The Society commemorated the bicentenary of the Luddite uprising in 2012 and decided to organise an annual Luddite Memorial Lecture, on themes from Yorkshire radical history, jointly with the University of Huddersfield.
Annual Luddite Memorial Lecture 2022
The 2022 lecture — “Rise Now From Your Slumber”: Peterloo, Song and Protest — was given by Dr Alison Morgan at the University of Huddersfield on Monday 25 April.
The power of song has long been used to give voice to social and political concerns. Dr Alison Morgan from the University of Warwick and author of the “Ballads and Songs of Peterloo”, will explore a range of songs from Luddism to Chartism and consider how there were performed and received.
Dr Alison Morgan’s book, Ballads and Songs of Peterloo, is the first to gather more than 70 contemporary songs and poems about the massacre in a single collection.
Dr Morgan, Senior Teaching Fellow at the University of Warwick’s Centre for Teacher Education, searched online and physical archives to bring the poems back to light after being inspired by Romantic poet Percy Bysshe Shelley’s famously passionate response to the massacre, The Masque of Anarchy – a poem so radical it remained unpublished until after his death.
Dr Morgan said: “Through these poems and ballads we hear the authentic voice of the people. They were written very quickly, in the immediate aftermath of Peterloo, and they capture a real sense of outrage, of grief – and of revolutionary zeal for change.”
A video recording of the lecture will be available soon.
Annual Luddite Memorial Lecture 2021
Radicalism in the West Riding, 1790 to 1890 by Prof. Edward Royle
The 2021 Luddite Lecture looks broadly at some of the varieties of radicalism to be found in the West Riding during the century following the French Revolution. This includes mention of some of the familiar themes of the Luddite years in Huddersfield but also concentrates on the later years, tracing continuities from the 1830s and 1840s through the mid-century years to the 1880s and 1890s. The lecture looks at some of the social and religious radicalisms that emerged during the century, ranging from the mainstream to the exotic, and introduces some of the more colourful characters who challenged the orthodoxies of Victorian Britain. The lecture is dedicated to the memory of Prof. Malcom Chase (1957-2020).
Annual Luddite Memorial Lecture 2020
Due to the Coronavirus pandemic, the 2020 lecture by Prof Edward Royle on the topic Radicalism in the West Riding 1790 to 1890 is now postponed to a later date.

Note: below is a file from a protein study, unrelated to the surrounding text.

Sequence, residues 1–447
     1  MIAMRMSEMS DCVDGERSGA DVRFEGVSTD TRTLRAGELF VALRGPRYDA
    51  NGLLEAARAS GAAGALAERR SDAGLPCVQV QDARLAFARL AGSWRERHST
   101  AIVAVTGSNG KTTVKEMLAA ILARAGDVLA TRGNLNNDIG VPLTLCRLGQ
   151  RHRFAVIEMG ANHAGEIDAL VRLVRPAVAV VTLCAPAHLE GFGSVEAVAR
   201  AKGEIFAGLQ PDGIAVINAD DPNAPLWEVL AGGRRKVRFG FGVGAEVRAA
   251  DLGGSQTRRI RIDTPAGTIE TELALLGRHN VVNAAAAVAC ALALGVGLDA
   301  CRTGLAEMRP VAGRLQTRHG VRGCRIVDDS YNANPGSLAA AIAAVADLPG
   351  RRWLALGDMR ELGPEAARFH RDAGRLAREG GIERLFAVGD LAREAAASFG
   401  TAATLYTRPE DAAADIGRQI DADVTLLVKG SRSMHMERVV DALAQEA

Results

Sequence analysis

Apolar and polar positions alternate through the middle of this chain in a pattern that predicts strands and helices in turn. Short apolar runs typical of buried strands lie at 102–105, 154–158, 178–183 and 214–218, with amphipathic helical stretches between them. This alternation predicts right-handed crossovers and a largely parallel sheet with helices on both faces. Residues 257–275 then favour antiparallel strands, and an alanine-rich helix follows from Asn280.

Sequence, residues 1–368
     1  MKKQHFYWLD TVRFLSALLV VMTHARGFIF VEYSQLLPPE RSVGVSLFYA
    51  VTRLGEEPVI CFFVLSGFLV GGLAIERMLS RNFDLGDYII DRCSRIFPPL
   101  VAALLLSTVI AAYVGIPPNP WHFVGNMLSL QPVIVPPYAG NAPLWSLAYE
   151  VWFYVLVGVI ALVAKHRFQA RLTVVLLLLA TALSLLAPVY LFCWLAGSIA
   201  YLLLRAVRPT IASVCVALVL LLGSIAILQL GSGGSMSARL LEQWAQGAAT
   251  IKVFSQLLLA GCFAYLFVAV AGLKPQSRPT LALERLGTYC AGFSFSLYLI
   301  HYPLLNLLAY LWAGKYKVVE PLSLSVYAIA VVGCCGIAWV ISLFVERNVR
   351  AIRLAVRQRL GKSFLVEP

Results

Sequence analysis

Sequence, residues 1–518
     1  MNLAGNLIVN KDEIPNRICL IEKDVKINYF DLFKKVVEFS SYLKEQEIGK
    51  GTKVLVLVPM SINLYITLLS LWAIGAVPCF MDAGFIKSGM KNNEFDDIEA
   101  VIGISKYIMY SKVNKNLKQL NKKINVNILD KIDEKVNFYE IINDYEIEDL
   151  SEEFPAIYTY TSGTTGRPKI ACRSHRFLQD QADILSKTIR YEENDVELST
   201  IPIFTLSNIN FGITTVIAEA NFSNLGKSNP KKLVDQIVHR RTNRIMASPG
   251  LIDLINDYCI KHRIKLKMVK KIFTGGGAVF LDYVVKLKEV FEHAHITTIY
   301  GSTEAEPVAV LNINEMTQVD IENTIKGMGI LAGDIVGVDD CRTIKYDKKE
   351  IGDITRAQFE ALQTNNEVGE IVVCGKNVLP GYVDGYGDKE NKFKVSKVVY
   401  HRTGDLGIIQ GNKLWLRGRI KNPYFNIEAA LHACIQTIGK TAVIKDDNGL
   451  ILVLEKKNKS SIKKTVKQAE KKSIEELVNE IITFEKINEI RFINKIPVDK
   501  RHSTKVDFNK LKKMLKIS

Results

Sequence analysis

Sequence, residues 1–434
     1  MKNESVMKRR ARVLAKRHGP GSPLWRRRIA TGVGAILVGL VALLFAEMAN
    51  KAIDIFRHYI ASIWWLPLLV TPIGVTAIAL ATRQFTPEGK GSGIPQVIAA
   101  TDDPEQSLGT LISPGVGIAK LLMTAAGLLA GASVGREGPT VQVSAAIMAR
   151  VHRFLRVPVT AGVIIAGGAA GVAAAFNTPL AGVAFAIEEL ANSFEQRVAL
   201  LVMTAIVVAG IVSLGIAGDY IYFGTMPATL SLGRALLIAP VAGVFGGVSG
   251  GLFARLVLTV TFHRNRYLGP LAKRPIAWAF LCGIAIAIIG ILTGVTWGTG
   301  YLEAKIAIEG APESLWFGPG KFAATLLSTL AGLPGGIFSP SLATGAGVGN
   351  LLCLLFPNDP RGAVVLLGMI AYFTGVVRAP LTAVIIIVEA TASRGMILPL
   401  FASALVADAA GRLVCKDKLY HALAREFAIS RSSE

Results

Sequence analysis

Annual Luddite Memorial Lecture 2019
The sixth annual Luddite Memorial Lecture was given by Dr. Janette Martin, Modern History Archivist at the John Rylands Library in Manchester, on the topic Peterloo Retold: 1819-2019.
Dr Martin talked about the many ways in which the Peterloo Massacre of 16 August 1819 has been remembered and retold. From the contemporary commemorative mugs, handkerchiefs, poems, fiction and engravings to the how the City of Manchester has responded across the centuries to this traumatic episode in Manchester’s history. She also explored the reaction of West Riding Radicals on the events in Manchester and how Peterloo was remembered and commemorated this side of the Pennines. Her talk was illustrated with objects and sources from John Rylands Library’s collections.
Janette curated the current Peterloo exhibition at the University of Manchester’s John Rylands Library (21 March 2019 – 29 Sept 2019) and led a project to digitise the Library’s sources on the Peterloo Massacre. Her research interests include nineteenth century radical politics and public history. She is a long-serving member of the Society for the Study of Labour History and Huddersfield Local History Society. In 2012 Janette co-organised a major conference on Luddism in Huddersfield and she was also a key member of the Luddite Link which co-ordinated bicentenary events and commemorations.
For more about the John Rylands Library including opening hours go to https://www.library.manchester.ac.uk/rylands/
The 2018 lecture was given by Dr Mike Sanders of the University of Manchester on the topic of “Revolutionary Sermons, Democratic Chapels and Rebellious Hymnals: religion in the Chartist Movement”. A review of the talk can be found on the University of Huddersfield web site. Dr is Senior Lecturer in Nineteenth-Century Writing at the University of Manchester. His publications include, “The Poetry of Chartism: Aesthetics, Politics, History”, as well as articles in Victorian Studies, Victorian Poetry, Victorian Periodicals Review and Victorian Literature and Culture.
The 2017 lecture was given by Dr Katrina Navickas, Reader in History at the University of Hertfordshire, who explored the protest spaces of the West Riding and showed how the county’s distinct topography and spaces within its towns shaped the democratic movements of the early nineteenth century. Dr Navickas is the author of Protest and the Politics of Space and Place, 1789-1948.
The 2016 lecture was given by Dr Robert Poole of the University of Central Lancashire, speaking on The Risings of 1817.
The 2015 lecture was by Professor Malcolm Chase (Leeds University), on York Castle and its political prisoners: the Luddites in a broader context.
The first lecture took place in January 2014, when Dr Matthew Roberts, of Sheffield Hallam University, spoke on ‘Luddism through the Tory-Radical Looking Glass: Charlotte Bronte’s Shirley‘. The lecture was dedicated to Lesley Kipling, a leading local historian who died in September 2013.